The meeting was an opportunity for us to listen to and talk with locals. I suspect that the event was cathartic for many and allowed them to process what was a very traumatic event for them, particularly those living in the Glenesk area.
It is clear that there are some early practical things that can be achieved. Ensuring that the Piha Surf Club has an emergency power supply is one of them.
The community has asked that we collate their responses, incorporate these into the draft emergency response plan that is in existence and then put this out for consultation. This work is under way.
I intend to report on progress in relation to this in the near furture.
Waitakere Ranges Heritage Area 5 yearly Monitoring Report
Council last week formally adopted the 2018 Waitakere Ranges monitoring report. This is the second monitoring report and was dedicated to Denise Yates who had a great deal to do with the formation of the Waitakere Ranges Heritage Area Act as well as the preparation of the first report when she was chair of the Board.
The Act was an attempt to provide for meaningful protection of the Ranges and to protect against the cumulative degradation and subdivision of the Ranges through conventional RMA processes.
At the time it was controversial, caused considerable debate in the community but 10 years on things have settled down and erstwhile opponents are now at peace with the heritage area concept.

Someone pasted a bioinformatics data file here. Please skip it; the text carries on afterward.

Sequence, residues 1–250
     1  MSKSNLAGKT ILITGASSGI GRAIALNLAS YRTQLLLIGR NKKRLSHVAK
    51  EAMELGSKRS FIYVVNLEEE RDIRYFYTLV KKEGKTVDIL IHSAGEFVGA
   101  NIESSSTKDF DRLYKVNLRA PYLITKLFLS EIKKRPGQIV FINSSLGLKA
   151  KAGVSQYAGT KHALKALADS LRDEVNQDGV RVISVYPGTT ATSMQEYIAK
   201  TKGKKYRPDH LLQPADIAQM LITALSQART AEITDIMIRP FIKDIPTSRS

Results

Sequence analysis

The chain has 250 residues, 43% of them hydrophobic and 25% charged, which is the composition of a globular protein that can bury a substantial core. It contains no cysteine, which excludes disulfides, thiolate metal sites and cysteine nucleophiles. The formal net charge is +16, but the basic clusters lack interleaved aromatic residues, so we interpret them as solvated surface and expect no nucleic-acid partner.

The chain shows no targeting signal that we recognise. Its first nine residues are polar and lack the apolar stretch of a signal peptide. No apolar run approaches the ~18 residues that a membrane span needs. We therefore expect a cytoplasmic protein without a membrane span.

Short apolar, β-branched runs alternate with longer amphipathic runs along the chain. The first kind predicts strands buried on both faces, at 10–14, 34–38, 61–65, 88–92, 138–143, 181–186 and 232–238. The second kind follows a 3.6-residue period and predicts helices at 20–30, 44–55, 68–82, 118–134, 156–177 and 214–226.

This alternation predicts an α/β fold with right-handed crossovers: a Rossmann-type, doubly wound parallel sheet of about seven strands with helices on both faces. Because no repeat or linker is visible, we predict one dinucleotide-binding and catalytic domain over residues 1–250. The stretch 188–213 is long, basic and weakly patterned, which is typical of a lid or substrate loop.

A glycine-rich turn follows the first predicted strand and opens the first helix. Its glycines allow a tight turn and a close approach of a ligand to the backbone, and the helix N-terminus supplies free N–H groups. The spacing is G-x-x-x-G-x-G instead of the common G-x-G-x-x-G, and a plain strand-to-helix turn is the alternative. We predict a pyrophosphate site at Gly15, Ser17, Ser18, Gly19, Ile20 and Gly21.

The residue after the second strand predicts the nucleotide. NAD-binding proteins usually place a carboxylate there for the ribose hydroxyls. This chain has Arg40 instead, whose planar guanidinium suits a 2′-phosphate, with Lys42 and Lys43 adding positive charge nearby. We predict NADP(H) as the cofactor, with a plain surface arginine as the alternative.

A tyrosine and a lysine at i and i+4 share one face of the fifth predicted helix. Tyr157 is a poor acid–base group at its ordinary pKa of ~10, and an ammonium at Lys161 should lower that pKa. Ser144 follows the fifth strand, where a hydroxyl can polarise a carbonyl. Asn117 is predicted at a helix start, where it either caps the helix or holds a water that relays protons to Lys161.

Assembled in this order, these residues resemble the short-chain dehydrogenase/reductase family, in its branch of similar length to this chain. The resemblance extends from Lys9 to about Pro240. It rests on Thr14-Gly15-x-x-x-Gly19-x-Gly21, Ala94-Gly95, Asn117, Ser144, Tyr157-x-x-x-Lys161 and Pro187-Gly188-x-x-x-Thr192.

And people are proud to live in a statutority recognised heritage area.
The report is important. It is meant to assess how well the Act is performing, how well Council is going in its statutory obligation to protect and enhance the area, and what threats the area is facing.
The document itself is a complex and impressive collation of lots of information.
The original focus, subdivision, is working out in my view as intended. Existing subdivision rights are being exercised but growth predictions suggest that once these rights have been exercised there should be no more.
Kauri dieback features heavily, thank Council for taking the strong action required to protect this taonga.
Te Kawarau A Maki who have provided critical commentary which is included in the report. The Act anticipates that Council will enter into a deed of acknowledgement with Ngati Whatua and Te Kawarau A Maki. Work on this should be a priority and could address TKAM’s concerns.
The report is not meant to be a PR exercise. It is to show is what is going right and what needs to be done to make sure that this precious area remains protected.
Consultation on this important document is nearing an end.
It is our draft list of possible future projects to create walking and cycling tracks throughout the local board area.
It is in part a collection of maps showing existing paths and plans that may have existed for many years. They have been collected together in graphical form so that we can have a look at them from a bird’s eye view.
This helps us work out where the gaps are and also what the priorities should be.
Walkways and cycleways are important because they improve communities, help with health and traffic congestion and they make villages and urban areas better places to be.
There are a couple of caveats in relation to the plan. Not all of the supported projects will be built in the near future.
There are about 60 different projects in the document.
Nine are identified as possible priorities but this will need to be worked through.
To give you an idea of what is possible the local board has in the past 6 years built four substantial walkways, the Landing Road stairs, the Rimutaka Walkway, the Henderson Valley walkway and the cycleway from Oratia to Parrs Park. The total cost of these four projects is in the vicinity of $2 to $3 million.